In design planning, there are set sinks along the path of progress.  These are usually linked to training costs, travel costs and equipment costs.  The first is easy to calculate, heck in some places it’s nothing.  The second is a bit harder but in most linear games it’s easy enough.  If the game is open, say as GW2 is trying for, or TESO appears to lean, then costs can get a bit higher.  Mounts factor into this.  Equipment costs are much different if there’s no item loss.  In a themepark that just throws out items continuously, repairs are meaningless as is item cost.  In a controlled item environment, say like FF14, repairs are expensive and item acquisition is only available through crafting/dungeons.  Depending on the estimated costs for leveling (a sink) you can estimate the actual requirements for the taps.  If you need 100g from 1-20 but the basic taps are giving you 500g, then there’s going to be a massive problem.

This gets worse at max level where items cannot be traded.   Neverwinter straddles this line with top gear being tradeable if it hasn’t been equipped.   Item loss isn’t possible but there’s a larger money sink (by players skipping time) to move up the ranks.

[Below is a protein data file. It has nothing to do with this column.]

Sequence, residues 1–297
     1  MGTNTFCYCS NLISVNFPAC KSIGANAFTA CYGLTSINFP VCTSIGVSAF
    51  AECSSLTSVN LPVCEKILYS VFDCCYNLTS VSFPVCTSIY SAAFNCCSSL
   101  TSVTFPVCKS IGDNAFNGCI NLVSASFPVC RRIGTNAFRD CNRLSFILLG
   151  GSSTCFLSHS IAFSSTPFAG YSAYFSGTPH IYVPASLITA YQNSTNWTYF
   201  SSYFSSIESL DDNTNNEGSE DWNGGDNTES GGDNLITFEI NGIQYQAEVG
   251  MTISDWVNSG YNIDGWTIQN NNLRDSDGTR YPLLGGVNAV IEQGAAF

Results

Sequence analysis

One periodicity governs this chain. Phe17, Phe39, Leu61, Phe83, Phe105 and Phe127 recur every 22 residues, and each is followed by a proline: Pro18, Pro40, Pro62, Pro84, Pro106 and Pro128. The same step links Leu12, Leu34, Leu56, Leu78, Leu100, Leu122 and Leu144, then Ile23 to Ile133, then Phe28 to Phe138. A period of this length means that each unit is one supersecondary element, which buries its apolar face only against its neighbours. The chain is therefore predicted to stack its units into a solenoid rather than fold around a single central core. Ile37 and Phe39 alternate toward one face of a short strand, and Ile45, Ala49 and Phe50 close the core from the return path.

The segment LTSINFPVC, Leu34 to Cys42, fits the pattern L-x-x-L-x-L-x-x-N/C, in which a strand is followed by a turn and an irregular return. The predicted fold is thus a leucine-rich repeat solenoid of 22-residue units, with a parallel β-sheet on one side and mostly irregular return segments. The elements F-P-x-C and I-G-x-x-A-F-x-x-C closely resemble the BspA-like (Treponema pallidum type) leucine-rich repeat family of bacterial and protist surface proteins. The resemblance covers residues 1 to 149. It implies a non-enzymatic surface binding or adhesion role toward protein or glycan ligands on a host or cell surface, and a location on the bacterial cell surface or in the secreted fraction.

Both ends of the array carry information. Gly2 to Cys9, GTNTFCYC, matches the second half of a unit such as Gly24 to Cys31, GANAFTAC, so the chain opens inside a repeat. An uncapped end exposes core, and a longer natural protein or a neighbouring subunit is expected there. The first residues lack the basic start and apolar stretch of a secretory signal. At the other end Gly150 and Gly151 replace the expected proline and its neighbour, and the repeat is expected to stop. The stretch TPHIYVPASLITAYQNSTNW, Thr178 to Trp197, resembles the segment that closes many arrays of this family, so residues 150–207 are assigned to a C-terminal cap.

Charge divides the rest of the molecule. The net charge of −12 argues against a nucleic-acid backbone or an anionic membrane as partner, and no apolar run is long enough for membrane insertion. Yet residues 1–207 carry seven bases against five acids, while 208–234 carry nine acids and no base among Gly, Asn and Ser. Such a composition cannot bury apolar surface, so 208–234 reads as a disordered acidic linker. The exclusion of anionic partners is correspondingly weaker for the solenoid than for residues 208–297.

Trading done wrong

Diablo 3 is a perfect example of a broken economy, even though it’s not really an MMO.  It’s so broken that they are going to pull out the heart of it in a few weeks.   From 1-60 the cost was nothing.  From 60+, if you were farming inferno and dying, then the costs were based on repair.  It was a binary system of progress, where content was gated upon stats.  For example, you could clear Act 1 rather easily but Act 2 was impossible for some.  This meant that you farmed Act 1 until your gear level increased and amassed hundreds of thousands (or millions) of gold.  Since the gear that dropped was so poor, you HAD to use the auction house to progress.   Gems and recipes were useful for everyone so a “commodity” market exploded to support it, regardless of level. You ended up with a choice.  Either play a few dozen hours and make no progress or spend the same amount of time “playing” the auction house and doubling/tripling your power in order to progress.

Trading done well

Similar to D3, Path of Exile has a complex crafting/trading system based on bartering.  There is no gold.  You have all sorts of modules that can increase the stats on an item and there’s no baseline for trading.  3 orbs of transmute are the same as 50 identification scrolls as 1 orb of alteration.  It’s hard to keep track of it all and the result is that if you want to trade, you need to be educated.   It makes for a system of interesting trades with no floor or ceiling.

Moving forward

We’re in a spot now where we can look back and see at what worked and what did not and hopefully avoid future problems.  Clearly there are core design issues that need to be addressed – it’s not a simple fix after a few months.  Items drops, crafting, item binding, travel costs, vanity items, repair costs, gating and dozens of other sub systems all need to work together.  Beta metrics are usually pretty good on this front, in that you can measure income and expenditures and make holistic changes across the board.  The more knobs you have to play with, the easier those changes can be.  The end result is that games today need more sinks to combat the ever increasing taps.